Nextdoor’s decision to go public through a special purpose acquisition company was largely the result of favorable pricing compared with a traditional IPO, said Bill Gurley, a partner at Benchmark and an early investor in the neighborhood social network.
Gurley has been among the most vocal supporters of direct listings, another IPO alternative in which companies go public without selling shares at a steep discount to new investors. He said the average IPO in 2020 came with a 57% cost of capital.
“SPACs are remarkably cheap compared to mispriced IPOs,” Gurley told CNBC’s “TechCheck” on Friday.
Nextdoor announced plans earlier this week to pursue a SPAC sponsored by an affiliate of Khosla Ventures, Vinod Khosla’s investment firm. In a SPAC, a so-called blank check company raises capital through a public offering and then shops around for a potential target, which becomes the operating entity after the transaction closes.
The pace of new SPACs slowed earlier this year after smashing a record in 2020 and setting a new high in the first quarter of this year. The pullback came after the SEC issued accounting guidance that would classify SPAC warrants as liabilities instead of equity instruments.
However, activity has resumed. In addition to Nextdoor, fintech company Circle, space companies Planet Labs and Satellogic and solar power firm Heliogen all announced deals this week. Still, the proprietary CNBC SPAC Post Deal Index, which is composed of the largest SPACs that have announced a target or those that have already completed a SPAC merger within the last two years, is down 3.8% in 2021, after tumbling in February and March.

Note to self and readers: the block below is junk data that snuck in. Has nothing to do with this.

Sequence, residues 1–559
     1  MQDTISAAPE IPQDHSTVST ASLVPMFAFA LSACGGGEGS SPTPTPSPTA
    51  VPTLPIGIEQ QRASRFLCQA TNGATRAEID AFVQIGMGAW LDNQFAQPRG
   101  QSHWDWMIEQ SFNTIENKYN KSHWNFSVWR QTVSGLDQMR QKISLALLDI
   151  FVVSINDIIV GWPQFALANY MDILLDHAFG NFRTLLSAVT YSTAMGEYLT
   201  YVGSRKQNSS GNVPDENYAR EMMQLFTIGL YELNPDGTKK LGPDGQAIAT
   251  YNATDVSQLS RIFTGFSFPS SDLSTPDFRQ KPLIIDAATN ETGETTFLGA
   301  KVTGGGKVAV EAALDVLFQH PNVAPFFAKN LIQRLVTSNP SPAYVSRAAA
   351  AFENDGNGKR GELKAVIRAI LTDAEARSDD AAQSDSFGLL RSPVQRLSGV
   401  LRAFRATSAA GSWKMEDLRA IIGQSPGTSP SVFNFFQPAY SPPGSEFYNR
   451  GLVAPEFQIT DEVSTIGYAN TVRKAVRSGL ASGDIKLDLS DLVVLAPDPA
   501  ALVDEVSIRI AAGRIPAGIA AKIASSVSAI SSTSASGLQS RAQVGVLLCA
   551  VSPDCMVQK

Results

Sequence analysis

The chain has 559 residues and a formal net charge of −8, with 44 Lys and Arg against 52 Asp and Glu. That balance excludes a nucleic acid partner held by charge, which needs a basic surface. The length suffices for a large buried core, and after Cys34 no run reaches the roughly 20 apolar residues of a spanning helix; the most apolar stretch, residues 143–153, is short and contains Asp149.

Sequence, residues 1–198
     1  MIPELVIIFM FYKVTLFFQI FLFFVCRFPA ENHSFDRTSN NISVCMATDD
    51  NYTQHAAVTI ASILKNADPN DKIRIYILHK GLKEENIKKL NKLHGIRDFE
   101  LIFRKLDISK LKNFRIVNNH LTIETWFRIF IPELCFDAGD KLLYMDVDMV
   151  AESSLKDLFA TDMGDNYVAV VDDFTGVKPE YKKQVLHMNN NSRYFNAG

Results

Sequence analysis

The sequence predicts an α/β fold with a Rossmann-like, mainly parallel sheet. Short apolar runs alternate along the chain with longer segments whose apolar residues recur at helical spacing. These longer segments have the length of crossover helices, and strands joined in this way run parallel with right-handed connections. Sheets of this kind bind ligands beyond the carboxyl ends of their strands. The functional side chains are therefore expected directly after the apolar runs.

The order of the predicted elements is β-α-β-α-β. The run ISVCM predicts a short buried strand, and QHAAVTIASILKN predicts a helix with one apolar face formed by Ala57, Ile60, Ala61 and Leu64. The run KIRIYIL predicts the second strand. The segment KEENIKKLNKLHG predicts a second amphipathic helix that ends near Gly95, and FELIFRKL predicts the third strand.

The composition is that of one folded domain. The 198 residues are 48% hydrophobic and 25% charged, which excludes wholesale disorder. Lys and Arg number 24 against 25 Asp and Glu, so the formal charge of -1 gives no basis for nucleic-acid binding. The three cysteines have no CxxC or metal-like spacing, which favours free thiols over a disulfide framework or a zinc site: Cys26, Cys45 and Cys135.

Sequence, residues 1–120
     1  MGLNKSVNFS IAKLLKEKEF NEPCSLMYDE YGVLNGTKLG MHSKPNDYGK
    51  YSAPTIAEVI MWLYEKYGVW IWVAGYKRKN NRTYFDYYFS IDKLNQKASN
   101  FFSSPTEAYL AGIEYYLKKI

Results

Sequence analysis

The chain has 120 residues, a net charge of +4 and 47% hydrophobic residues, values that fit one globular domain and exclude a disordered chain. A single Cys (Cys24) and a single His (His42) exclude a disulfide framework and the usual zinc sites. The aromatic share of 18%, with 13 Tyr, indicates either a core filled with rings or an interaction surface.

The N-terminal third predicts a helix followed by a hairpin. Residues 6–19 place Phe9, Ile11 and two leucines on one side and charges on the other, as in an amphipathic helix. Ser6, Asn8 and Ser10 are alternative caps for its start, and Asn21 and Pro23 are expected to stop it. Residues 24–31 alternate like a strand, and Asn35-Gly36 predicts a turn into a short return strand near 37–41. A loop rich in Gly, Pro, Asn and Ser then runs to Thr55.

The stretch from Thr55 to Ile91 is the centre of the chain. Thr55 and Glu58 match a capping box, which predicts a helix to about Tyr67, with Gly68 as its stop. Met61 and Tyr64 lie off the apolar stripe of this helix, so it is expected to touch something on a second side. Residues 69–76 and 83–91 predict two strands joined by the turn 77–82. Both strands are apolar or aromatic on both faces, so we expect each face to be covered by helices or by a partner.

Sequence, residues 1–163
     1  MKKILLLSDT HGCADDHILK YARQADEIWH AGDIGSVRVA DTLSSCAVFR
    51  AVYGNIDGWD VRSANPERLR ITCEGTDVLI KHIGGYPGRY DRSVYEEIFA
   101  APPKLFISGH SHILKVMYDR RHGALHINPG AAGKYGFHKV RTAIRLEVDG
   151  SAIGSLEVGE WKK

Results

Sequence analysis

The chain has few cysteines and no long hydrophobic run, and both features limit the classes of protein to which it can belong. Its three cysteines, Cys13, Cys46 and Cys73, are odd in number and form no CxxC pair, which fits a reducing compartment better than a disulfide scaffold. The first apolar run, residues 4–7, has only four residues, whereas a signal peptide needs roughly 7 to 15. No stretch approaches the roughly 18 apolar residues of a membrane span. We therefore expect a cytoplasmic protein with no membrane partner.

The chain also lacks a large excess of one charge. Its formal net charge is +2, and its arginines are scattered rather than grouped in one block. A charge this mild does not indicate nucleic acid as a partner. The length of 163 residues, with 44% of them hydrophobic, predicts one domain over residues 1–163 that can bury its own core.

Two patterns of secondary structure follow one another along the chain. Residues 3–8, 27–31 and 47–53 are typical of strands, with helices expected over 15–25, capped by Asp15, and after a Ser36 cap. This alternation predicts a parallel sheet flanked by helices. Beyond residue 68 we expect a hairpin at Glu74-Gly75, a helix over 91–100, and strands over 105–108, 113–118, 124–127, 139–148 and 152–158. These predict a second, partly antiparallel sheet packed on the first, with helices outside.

Nextdoor’s transaction will bring in $686 million and value the company at $4.3 billion. Benchmark first invested in 2011 at a post-money valuation of just over $30 million, according to PitchBook.
The company says its site is now used in more than 275,000 neighborhoods around the world and in nearly 1-in-3 U.S. households. It allows users to organize events, sell or give away items and alert neighbors to danger. Earlier this year, Nextdoor debuted an anti-racism notification after long facing criticism for racist comments on its platform.
In 2018, Nextdoor hired Sarah Friar, who was finance chief at Square, as its new CEO, replacing the company’s founder, Nirav Tolia. Before that, Friar spent over a decade at Goldman Sachs.
Gurley said Friar ran all the numbers and closely considered an IPO before making the ultimate decision.
“Sarah Friar is an extremely experienced CEO with tons of Wall Street experience, both having worked at an investment bank and as CFO of a public company,” Gurley said. “She dual-tracked it, was looking at the IPO and just said I have more control and get better economics by going the SPAC route.”
Investing to fix the labor shortage
Gurley appeared on “TechCheck” alongside Sumir Meghani, the co-founder and CEO of Instawork, an online jobs marketplace. Instawork on Thursday announced it raised $60 million in a financing round led by Craft Ventures.
The start-up connects workers in the restaurant, hospitality and retail industries with hourly jobs at companies in need of labor. The transaction comes a week after Suzanne Clark, CEO of the U.S. Chamber of Commerce, told CNBC that the biggest problem facing American businesses is hiring enough qualified workers. She pointed to a lack of skilled labor, Covid-era jobless benefits, insufficient access to child care, and work visa restrictions.
“Our professionals make nearly double minimum wage,” Meghani said. “Our best professionals can make even more than that. They can get paid instantly when they clock out of a shift. We’re rewarding quality on Instawork with faster pay, higher pay but most of all flexibility.”
Gurley, who was one of the earliest backers of Uber, said Benchmark is focusing heavily on the category and has made about eight investments in “these types of marketplaces.”
— CNBC’s Pia Singh contributed to this report.
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